Stage set for Stagecoach triathons
What: Tri the Boat sprint and Olympic (Saturday) and half-Ironman (Sunday) triathlons
When: Races start at 8 a.m. on both Saturday and Sunday
Where: Stagecoach Reservoir, starting from the southwest corner on County Road 16. The bike course will be out County Road 14 to Colorado Highway 131, south through Phippsburg to County Road 15.
Sign-up will be available at packet pick-up from 3 to 6 p.m. Friday and from 4 to 6:30 p.m. Saturday at Twisted Trails Running Company, located at 601 Lincoln Avenue in downtown Steamboat Springs. Race-day registration will not be possible. The race costs $100 for the sprint distance, $140 for Olympic and $245 for half-Ironman. Relay options are also available for $150, $180 and $275.
Sprint: 0.5 miles swim, 12.4 miles bike, 3.1 miles run
Olympic: 0.93 miles swim, 24.8 miles bike, 6.2 miles run
Half-Ironman: 1.2 miles swim, 56 miles bike, 13.1 miles run
Steamboat Springs — Todd and Heather Gollnick’s Steamboat Springs-based triathlon is called “Tri the Boat.”
People certainly seem to be taking that advice.
Back for its second summer, Todd Gollnick said the Tri the Boat Triathlon overflowed one day and is now a two-day event, with sprint and Olympic distance races on Saturday and a half-Ironman, the longest triathlon in the triathlon-happy Yampa Valley, bumped to Sunday.
“We have people traveling from all over the country who are super excited about it,” he said. “The logistics are crazy with different government entities, police, fire, medical, county. It will be a crazy couple of days, but a really beautiful experience.”
This is the first year for the sprint distance, and while that’s not the biggest of the various races, Gollnick said it did help force splitting the events into a two-day affair.
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The Longevity Project is an annual campaign to help educate readers about what it takes to live a long, fulfilling life in our valley. This year Kevin shares his story of hope and celebration of life with his presentation Cracked, Not Broken as we explore the critical and relevant topic of mental health.
About 200 are expected for Saturday’s events, and 250 for Sunday’s, neither approaching last year’s 300 racers, but together surpassing it.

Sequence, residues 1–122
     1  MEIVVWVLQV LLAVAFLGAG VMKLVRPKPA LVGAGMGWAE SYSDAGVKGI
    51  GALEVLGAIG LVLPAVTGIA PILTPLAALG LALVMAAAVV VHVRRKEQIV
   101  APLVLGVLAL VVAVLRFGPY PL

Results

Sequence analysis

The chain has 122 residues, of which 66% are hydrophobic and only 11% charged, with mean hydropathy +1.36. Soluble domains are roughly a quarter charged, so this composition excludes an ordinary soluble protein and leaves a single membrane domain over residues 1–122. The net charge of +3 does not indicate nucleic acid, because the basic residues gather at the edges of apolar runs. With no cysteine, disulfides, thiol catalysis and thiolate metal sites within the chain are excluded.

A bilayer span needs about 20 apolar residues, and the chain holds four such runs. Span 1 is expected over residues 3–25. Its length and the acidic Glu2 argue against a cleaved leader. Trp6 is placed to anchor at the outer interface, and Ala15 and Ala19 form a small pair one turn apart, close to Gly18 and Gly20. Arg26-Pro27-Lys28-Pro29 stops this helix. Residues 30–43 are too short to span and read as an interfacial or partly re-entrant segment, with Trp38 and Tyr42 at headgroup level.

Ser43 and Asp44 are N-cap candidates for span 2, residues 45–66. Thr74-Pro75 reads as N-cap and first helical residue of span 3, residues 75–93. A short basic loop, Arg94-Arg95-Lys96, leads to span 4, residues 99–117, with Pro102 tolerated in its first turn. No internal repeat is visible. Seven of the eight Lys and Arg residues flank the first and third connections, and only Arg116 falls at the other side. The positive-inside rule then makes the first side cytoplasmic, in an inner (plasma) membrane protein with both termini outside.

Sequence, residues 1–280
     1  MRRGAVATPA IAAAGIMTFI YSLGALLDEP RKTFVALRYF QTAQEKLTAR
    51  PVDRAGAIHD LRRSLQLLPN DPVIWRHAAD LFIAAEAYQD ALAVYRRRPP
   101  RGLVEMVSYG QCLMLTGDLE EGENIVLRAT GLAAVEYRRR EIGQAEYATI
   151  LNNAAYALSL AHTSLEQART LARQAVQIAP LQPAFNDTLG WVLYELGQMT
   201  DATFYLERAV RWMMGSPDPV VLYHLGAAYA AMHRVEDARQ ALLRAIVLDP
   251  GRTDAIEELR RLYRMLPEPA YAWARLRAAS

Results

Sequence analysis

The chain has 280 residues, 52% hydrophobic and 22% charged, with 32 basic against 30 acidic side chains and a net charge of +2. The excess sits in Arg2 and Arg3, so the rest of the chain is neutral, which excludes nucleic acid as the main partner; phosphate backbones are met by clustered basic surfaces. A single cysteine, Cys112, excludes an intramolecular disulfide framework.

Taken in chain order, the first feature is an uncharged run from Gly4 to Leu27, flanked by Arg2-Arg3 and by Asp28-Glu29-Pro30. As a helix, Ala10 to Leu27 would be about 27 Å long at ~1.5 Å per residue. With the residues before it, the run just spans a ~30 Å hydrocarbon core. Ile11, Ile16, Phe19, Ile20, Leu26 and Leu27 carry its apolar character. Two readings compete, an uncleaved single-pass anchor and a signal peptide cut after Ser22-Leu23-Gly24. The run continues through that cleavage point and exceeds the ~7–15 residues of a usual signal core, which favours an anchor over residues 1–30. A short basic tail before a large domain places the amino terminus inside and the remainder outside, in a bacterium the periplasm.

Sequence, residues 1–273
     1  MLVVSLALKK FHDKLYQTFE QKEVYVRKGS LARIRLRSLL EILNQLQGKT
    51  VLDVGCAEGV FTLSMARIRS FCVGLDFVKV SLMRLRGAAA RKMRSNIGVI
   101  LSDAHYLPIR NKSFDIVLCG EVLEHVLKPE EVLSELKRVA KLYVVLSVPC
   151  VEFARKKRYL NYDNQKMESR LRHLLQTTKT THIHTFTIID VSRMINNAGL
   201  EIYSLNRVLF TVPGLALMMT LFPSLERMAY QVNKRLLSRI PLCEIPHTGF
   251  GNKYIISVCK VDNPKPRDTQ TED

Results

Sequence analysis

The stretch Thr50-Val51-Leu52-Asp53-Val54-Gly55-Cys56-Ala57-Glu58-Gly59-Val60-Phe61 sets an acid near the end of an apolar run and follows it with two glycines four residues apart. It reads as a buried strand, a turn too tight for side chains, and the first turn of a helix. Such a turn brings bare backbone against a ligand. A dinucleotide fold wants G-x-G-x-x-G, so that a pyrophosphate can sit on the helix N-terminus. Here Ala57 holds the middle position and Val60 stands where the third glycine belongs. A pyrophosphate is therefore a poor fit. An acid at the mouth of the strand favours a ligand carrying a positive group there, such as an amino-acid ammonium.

Gollnick said a 300-racer cap per day would be ideal going forward.
“What we’ve learned is that people are attracted to something that’s quality,” Gollnick said. “We really try to focus on professionalism all the way around and offering something that other race’s can’t. Our venue is very unique, gorgeous, and that provides us a quality race experience.”
Last year’s inaugural Tri the Boat was the first triathlon to dive into Stagecoach Reservoir, and now the race is back, starting at 8 a.m. both Saturday and Sunday from the southwest corner of the lake.
The swim — 0.5 miles for the sprint distance, 0.93 miles for the Olympic and 1.2 miles for the half-Ironman — will launch from a pull-off from County Road 16 near its intersection with County Road 14.
A transition zone will take over one lane of 16, and athletes will leave from there for the cycling section, out to Colorado Highway 131, south through Phippsburg and onto County Road 15, then back, 13 miles total for the sprint distance and 24.8 for the Olympic distance. The half-Ironman route will consist of two trips on that course.
The running section, meanwhile, will launch competitors down Stagecoach-area trails, 3.1 miles for the sprint, 6.2 for the Olympic and 13.1 for the half-Ironman.
Online registration for the race closed at midnight Wednesday, but it’s still possible to sign up. Packet pick-up will take place from 3 to 6 p.m. Friday at Twisted Trails, 601 Lincoln Avenue, and from 4 to 6:30 p.m. on Saturday, and registration will be available there. It will not be possible to sign up on site on the day of the race.
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The Longevity Project event, sponsored by Steamboat Pilot & Today, has shifted from in-person to virtual. The keynote speaker Kevin Hines contracted COVID-19, and he will now be presenting his talk remotely.